2. Add toasted almond oil to skillet, let it heat up.
  3. Add garlic, ginger, onions until onions turn translucent.
  4. Add green beans, salt, kelp, pepper and garlic powder.
  5. Let the beans soften, about 3 minutes over heat.
  6. Add mushrooms and let them cook for about 4 minute to soften.
  7. Push the veggies to the side so its not directly over the flame, and, if able, shift the skillet to the side to further protect the veggies from the flame.
  8. Add a bit more oil to the exposed part of the pan.
  9. Place salmon on the oil, skin side down and let it cook for 5 minutes. Now its gettin' crisp-ay!! YUM!
  10. Flip and cook for an additional 2-3 minutes (maybe more if your salmon is thickkkk!)
  11. Throw a handful (or two!) of spinach on top.
  12. Shut the heat and let the spinach wilt.
  13. Serve, topped with crushed hemp seeds and additional kelp granules.
  14. VOILA! IODINE, SELENIUM, VITAMIN D, and OMEGA 3s to keep dat body fed and health!

 

Internal Cues and Eating– the Long Term Solution to Fat Loss

union marketI love when mass media admits that calorie counting, starvation and restriction are ineffective long-term solutions for fat loss. The May 2014 edition of Journal of the Academy of Nutrition and Dietetics had an awesome article on intuitive eating, A Review of Interventions that Promote Eating by Internal Cues.

The article basically discusses how “traditional diets that restrict energy, or particular nutrients, to induce weight loss have achieved little long term success. These programs have high attrition rates; participants rarely maintain weight loss and sometimes gain back even more weight than they lose during the program. In fact there is evidence that frequency of dieting is directly associated with weight gain.”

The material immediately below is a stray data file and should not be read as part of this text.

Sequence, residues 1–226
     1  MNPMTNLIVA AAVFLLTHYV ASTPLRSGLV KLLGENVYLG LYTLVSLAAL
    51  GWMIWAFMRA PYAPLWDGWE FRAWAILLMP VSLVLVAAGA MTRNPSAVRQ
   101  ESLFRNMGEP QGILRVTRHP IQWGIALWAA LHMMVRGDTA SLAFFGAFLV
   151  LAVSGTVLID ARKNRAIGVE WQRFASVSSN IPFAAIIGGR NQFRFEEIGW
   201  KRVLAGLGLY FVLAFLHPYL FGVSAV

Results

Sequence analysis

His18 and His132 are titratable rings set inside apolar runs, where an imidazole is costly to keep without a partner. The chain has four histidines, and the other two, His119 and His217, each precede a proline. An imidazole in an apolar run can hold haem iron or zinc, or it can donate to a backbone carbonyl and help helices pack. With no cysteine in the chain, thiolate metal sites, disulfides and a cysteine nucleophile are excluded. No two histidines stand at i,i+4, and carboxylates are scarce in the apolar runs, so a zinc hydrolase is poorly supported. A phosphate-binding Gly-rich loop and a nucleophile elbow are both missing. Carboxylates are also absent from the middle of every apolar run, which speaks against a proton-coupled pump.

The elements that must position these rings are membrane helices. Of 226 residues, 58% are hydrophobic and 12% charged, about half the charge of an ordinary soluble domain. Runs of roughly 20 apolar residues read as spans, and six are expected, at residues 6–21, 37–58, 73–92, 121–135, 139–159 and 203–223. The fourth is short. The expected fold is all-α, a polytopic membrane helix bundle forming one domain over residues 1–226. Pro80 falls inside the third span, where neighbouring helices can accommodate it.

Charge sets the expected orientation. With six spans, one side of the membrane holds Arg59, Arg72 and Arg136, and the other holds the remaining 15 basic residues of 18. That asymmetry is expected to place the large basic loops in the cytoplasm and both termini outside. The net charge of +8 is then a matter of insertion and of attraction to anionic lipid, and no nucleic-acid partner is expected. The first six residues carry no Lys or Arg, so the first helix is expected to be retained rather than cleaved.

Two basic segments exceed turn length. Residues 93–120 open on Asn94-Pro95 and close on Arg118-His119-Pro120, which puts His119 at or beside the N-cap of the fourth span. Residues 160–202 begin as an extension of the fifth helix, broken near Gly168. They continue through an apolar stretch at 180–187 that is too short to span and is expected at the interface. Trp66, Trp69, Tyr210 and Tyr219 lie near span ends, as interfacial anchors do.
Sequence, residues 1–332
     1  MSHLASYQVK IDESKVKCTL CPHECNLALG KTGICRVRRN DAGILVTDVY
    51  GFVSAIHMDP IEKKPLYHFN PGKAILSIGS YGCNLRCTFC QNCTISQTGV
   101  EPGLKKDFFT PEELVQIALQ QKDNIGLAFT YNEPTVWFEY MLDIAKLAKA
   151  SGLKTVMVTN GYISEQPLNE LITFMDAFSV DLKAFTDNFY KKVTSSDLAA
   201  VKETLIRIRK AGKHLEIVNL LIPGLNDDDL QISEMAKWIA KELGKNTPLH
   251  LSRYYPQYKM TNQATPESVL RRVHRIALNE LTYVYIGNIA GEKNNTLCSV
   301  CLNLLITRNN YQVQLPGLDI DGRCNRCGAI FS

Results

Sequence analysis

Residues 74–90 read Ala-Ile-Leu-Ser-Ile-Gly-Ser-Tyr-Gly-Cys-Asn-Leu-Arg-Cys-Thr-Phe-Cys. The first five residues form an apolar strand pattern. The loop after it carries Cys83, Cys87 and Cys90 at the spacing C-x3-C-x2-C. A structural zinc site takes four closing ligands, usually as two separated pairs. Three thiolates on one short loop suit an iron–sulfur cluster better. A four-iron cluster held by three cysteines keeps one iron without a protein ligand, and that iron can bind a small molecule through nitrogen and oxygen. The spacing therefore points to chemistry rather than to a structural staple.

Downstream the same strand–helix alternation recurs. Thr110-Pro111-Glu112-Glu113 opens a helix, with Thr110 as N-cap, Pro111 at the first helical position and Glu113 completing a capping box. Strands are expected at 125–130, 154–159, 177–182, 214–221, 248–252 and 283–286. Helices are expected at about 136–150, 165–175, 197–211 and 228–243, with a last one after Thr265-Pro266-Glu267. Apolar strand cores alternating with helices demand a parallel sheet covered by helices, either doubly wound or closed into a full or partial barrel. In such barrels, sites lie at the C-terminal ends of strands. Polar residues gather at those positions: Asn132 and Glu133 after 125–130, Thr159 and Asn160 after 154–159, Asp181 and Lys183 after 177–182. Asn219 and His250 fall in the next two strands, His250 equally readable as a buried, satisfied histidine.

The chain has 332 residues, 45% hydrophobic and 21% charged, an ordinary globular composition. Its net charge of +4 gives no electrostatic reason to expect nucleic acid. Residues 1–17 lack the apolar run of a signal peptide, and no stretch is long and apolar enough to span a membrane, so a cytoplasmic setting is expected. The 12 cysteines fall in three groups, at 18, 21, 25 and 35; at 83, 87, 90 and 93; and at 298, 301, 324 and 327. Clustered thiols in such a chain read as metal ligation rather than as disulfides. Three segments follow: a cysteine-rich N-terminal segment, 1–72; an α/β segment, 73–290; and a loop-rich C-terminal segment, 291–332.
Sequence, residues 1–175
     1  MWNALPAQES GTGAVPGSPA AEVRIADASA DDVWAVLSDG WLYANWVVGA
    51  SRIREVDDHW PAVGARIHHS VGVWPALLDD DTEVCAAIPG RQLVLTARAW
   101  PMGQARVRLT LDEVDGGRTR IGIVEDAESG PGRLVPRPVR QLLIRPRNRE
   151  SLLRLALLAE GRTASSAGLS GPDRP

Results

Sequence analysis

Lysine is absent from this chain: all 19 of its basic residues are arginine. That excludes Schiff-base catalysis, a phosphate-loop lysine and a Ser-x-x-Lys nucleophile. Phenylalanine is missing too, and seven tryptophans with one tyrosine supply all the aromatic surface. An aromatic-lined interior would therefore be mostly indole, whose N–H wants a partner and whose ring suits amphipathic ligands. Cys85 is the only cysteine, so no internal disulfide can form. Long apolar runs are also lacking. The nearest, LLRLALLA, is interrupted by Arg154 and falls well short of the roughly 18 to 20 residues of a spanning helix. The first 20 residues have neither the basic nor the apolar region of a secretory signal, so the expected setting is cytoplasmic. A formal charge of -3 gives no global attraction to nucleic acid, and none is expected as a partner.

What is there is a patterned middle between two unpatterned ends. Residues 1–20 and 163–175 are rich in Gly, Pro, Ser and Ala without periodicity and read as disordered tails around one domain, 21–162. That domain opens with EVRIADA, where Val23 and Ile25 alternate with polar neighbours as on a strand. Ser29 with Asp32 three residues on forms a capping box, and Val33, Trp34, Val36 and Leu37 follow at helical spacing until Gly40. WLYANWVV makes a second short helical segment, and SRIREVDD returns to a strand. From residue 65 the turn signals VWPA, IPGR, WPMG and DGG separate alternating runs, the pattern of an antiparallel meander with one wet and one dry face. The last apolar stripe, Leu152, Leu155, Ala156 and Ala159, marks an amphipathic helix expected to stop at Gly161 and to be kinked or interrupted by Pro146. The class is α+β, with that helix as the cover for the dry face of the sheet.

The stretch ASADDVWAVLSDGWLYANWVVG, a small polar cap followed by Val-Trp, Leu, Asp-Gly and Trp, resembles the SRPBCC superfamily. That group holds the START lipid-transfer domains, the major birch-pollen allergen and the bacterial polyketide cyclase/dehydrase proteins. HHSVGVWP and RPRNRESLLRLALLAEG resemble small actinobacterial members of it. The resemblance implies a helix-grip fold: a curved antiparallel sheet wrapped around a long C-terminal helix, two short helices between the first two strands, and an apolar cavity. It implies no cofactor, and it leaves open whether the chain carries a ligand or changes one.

HM. THAT’S WHAT I BEEN SAYIN!

In fact, the article even goes as far as to say, “Researchers are now raising attention to the serious ethical concern with recommending diets for weight loss due to the long-term ineffectiveness and adverse effects.” Again. THAT’S WHAT I BEEN SAYIN!!!

scungelli and green beansInstead of focusing on obsessive behaviors where food and eating becomes the focal point of your life when you’re simply trying to obtain a lifetime of robust health. Lifetime of robust health does not equal obsessive behaviors. The Journal’s article focused on twenty peer-reviewed weight interventions that encourage people to eat according to internal signals to promote intuitive eating.

The Four Central Features of Intuitive Eating

  1. Unconditional permission to eat
  2. Eating for physical rather than emotional reasons
  3. Reliance on internal hunger and satiety cues
  4. Body-Food choice congruence

Of the twenty studies reviewed in the article, only one group ultimately had net weight gain, while everyone else had maintained weight loss or their previous body weight upon follow-up. Sort of make it seems like self-love and a non-obsessive relationship with food is the best way to achieve long term success in the world of love and food.

So now we come to the part where we’re like, um, but Serena, food is addictive, don’t you think I want to have a healthy relationship with food?

The article promotes using the four elements of Control Theory to promote a healthier frame of mind.

“First, behavior is a proactive choice rather than a reactive response to personal circumstances. Second, behaviors chosen in different situations are adaptive and likely to preserve the match between desired and perceived circumstances. Third, behavior must achieve a balance across the basic needs of survival, power/competence, freedom, love/belonging, and fun. Fourth, effective and lasting behavior is achieved when individuals are able to review and evaluate their circumstances and choose new behavior compatible with their perceptions.”

whole foodsI think that’s a pretty confusing way of saying that working with a counselor/RD can help you make realistic goals to change your current eating behaviors by working with you to establish a healthier relationship with food. Adapting a diet high in nutrient density will allow your body to naturally regain control of its physical cues for hunger and allow for “unconditional permission” to eat (because your metabolism will be healed and it will be able to take “hits” from unhealthy foods). And with healthy food choices, healthy life choices…next comes a healthy appreciation for your beautiful, strong body.